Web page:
Non-Western Educational Philosophy

UPDATE: This PhD course was offered entirely online in late May and June 2020. It was a great success, with very positive evaluations and strong student projects that will likely lead to publications. The course will be offered again two years later, in 2022. Please plan to join us! 

In late May 2020, we will offer a new PhD course in Bergen entitled Non-Western Educational Philosophy and Policy. This intensive interdisciplinary course is situated within our PhD program in Bildung and Pedagogical Practices (European educational philosophy), but it is also open to doctoral students from other universities for ECTS (European) credits.

Below is the course description and a link for additional information.

This course enables educational theories and practices in contemporary Europe to be more deeply understood in relation to non-Western educational philosophies and policies. The focus of the course is on exploring intellectual traditions and sociocultural practices that shape school education outside of Europe, in the continents of Asia, Africa, Oceania, and the Americas. It offers a survey of non-European philosophical writings on education, including such major historical theorists as Confucius, Ibn Khaldun, al-Farabi, Ibn Sina, Ibn Rushd, Ghandi, Zera Yacob, Tagore, Fanon, Nishida, Said, and Freire, as well as intercultural observations of notable contemporary educational and social theorists: Michael Peters, Martha Nussbaum, Nuraan Davids, Yusef Waghid, Carl Mika, Amartya Sen, Seyla Benhabib, Timothy Reagan, Linda Tuhiwai Smith, Joel Spring, Nicholas Burbules, Carlos Alberto Torres, Fred Dervin, Mark Halstead, and David Killick. The course will especially emphasize discussion of East Asian schools, due to both the distinctive philosophies and recent economic and educational achievements in China and Japan. Students will also explore the implications of non-western philosophical traditions for their particular school subject areas of specialization (e.g. arts education, social studies, citizenship education, physical education, etc.).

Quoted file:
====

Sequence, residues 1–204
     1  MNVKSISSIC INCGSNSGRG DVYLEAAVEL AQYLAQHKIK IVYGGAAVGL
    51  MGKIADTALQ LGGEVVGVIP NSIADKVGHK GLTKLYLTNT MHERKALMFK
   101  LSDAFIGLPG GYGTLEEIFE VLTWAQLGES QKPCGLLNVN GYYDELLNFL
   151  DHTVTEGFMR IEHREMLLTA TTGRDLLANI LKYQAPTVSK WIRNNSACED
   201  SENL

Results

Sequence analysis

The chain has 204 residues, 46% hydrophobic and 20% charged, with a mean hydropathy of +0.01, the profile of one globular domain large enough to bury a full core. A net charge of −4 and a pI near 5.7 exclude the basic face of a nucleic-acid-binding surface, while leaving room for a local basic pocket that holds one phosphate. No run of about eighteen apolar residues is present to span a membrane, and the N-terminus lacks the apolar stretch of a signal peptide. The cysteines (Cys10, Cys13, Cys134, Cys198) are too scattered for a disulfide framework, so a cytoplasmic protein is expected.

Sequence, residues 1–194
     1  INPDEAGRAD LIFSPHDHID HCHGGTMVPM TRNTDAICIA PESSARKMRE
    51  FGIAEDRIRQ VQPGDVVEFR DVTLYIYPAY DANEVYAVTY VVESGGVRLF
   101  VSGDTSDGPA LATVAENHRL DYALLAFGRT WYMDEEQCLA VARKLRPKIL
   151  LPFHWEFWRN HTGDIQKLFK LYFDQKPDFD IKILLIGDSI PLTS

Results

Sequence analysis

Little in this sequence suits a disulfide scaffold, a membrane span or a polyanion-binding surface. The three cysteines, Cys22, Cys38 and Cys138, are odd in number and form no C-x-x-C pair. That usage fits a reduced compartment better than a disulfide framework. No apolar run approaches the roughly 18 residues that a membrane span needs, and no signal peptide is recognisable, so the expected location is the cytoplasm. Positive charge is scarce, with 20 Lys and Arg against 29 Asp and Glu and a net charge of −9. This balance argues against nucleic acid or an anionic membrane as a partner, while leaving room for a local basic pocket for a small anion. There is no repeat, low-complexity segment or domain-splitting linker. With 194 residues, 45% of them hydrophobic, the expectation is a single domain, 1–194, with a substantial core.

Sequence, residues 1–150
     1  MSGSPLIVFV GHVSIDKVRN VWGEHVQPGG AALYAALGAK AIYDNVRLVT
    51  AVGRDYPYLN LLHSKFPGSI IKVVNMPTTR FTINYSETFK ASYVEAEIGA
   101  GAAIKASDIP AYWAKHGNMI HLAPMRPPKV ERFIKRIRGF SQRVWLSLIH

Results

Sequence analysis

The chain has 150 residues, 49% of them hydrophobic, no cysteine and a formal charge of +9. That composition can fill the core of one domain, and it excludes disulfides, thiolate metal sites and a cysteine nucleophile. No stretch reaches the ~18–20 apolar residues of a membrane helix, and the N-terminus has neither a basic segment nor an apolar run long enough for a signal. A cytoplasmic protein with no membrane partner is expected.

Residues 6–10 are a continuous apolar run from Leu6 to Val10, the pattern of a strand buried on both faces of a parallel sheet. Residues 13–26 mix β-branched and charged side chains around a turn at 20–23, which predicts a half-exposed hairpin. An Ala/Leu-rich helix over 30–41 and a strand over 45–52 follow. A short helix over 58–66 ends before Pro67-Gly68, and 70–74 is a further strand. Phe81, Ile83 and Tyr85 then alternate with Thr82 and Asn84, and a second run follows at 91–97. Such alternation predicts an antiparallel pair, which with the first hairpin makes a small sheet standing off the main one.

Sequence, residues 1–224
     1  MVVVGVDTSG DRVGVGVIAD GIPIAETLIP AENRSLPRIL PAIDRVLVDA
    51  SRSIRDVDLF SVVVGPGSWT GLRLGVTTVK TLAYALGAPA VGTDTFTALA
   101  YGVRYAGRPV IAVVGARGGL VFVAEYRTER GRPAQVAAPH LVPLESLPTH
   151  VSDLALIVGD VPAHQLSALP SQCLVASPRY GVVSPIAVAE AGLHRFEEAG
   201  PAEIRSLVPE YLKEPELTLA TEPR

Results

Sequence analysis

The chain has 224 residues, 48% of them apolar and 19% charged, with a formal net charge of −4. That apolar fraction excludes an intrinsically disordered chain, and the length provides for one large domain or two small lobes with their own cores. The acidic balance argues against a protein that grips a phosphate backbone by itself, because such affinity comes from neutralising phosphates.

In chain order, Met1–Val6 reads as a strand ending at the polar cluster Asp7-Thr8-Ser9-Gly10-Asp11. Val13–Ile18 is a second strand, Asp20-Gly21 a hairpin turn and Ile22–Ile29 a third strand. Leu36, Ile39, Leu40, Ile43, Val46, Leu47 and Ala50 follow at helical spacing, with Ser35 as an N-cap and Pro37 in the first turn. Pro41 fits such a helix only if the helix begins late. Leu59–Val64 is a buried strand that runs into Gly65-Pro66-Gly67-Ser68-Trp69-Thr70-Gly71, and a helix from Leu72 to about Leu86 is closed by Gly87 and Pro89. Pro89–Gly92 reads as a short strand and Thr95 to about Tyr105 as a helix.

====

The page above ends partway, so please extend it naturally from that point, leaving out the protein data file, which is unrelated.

As discussions linked below demonstrate, at many institutions there has been some debate surrounding the movement to “decolonize the curriculum”, but in my view the most valid argument for offering a course on these thinkers is that it enables us to better understand intellectual heritage from many parts of the world, and to better learn from each other. The course does not "replace" anything, but it certainly contributes to a more complete higher education, and stimulates us to rethink basic assumptions concerning the nature, value, and implementation of educational systems.  

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